Lecture and Q&A with Student Art Coalition
Monday May 14, 4pm - 5:45pm - DARC 230
Mario Ybarra Jr. creates sculptures, installations, photographs, and activist interventions as a means of examining various components of Mexican-American identity. His aesthetic often combines street culture iconography with historical and political imagery, such as in Brown and Proud (2006), which depicts Mexican revolutionary Emiliano Zapata in a large-scale work that merges graffiti art with a style recalling the work of muralist Diego Rivera. Ybarra also draws from quintessentially American imagery and popular culture, such as in Scarface Museum (2007), which features paraphernalia from the famous 1983 film Scarface (about a drug cartel kingpin during the 1980s cocaine boom) displayed in a glass vitrine as a memorial to one of the artist’s late friends.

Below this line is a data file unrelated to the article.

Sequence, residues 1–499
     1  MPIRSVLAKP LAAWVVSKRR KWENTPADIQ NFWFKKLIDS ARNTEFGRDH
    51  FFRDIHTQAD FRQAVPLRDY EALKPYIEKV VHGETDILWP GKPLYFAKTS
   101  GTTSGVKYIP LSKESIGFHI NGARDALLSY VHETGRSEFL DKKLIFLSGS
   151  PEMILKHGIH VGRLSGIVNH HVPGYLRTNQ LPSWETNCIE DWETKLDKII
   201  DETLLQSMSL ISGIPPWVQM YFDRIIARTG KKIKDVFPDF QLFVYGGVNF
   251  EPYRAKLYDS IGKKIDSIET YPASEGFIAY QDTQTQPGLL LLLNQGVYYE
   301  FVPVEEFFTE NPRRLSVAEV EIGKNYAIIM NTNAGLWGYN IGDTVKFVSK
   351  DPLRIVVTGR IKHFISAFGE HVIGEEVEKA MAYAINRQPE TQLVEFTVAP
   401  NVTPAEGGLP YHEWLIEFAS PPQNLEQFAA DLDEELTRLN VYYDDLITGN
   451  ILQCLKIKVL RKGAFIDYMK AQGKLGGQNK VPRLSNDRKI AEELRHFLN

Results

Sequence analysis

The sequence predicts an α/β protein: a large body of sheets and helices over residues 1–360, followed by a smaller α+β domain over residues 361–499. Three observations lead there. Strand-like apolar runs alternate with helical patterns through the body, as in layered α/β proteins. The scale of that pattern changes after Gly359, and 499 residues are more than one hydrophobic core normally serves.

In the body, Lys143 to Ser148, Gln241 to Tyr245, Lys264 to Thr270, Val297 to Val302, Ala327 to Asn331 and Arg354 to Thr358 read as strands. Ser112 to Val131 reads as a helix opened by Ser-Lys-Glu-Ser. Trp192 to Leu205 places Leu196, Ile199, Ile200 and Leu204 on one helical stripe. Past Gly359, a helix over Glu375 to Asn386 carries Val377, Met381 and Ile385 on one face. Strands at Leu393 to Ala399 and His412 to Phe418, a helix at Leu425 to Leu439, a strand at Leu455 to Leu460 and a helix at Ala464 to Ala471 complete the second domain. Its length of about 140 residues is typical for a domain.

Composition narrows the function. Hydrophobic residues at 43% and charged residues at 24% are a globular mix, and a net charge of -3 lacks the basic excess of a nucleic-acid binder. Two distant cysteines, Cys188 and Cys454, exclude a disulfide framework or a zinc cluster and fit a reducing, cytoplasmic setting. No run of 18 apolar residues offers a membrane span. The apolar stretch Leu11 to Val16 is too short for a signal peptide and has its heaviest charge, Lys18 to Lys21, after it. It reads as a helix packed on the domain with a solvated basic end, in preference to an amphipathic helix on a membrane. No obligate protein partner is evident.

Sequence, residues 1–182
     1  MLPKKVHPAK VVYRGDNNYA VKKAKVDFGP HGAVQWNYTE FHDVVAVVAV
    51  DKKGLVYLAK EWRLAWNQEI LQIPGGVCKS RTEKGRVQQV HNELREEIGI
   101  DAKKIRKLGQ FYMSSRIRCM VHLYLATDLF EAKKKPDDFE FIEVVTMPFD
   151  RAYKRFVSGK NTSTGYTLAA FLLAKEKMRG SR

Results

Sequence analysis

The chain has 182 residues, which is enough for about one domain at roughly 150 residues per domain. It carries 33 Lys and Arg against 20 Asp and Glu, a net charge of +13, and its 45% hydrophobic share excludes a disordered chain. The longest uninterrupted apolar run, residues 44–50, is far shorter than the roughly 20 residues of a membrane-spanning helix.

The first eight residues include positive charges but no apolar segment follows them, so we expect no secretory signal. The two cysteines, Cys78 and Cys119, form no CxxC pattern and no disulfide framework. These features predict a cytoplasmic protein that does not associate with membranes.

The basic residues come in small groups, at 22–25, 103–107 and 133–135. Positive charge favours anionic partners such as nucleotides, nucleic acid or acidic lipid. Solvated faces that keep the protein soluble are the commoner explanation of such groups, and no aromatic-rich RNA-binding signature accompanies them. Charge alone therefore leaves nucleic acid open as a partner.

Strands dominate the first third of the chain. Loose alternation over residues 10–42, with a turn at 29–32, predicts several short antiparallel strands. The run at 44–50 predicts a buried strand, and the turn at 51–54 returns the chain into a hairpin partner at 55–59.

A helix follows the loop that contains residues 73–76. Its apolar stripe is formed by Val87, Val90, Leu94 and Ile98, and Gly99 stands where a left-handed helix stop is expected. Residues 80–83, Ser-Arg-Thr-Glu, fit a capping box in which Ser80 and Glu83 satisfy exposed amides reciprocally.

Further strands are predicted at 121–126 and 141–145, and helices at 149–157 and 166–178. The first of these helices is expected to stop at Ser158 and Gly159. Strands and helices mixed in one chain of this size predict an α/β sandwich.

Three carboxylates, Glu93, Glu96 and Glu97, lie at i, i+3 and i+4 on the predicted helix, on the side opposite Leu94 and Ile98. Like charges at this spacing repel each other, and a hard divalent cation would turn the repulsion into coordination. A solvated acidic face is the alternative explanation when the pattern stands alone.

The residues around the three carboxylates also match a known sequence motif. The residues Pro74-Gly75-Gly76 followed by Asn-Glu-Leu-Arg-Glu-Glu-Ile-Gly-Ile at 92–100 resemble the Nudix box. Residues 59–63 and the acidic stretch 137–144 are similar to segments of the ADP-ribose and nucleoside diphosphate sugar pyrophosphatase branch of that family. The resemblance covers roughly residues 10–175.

Ybarra earned his MFA from the University of California, Irvine. Since then, he has had solo exhibitions in Zurich, New York, Chicago, Torino, San Francisco, Los Angeles and Miami. He has been featured in exhibitions such as "Phantom Sightings: Art After the Chicano Movement" at the Los Angeles County Museum of Art, San Juan Poly/Graphic Triennial (Puerto Rico), the 2008 Whitney Biennial (NY), Prague Biennial 3 (Czech Republic), 2006 California Biennial at the Orange County Museum of Art among others. In his installations and community-based projects, Mario Ybarra Jr. re-imagines the possibilities of "contemporary art that is filtered through a Mexican-American experience in Los Angeles," as he told the LA Times. Indeed, the work of this "cholo aestheticist and inveterate jester," in the words of critic Andrew Berardini, frequently considers the exigencies--and perverse oddities--of cultural translations and the appropriative acts they presuppose.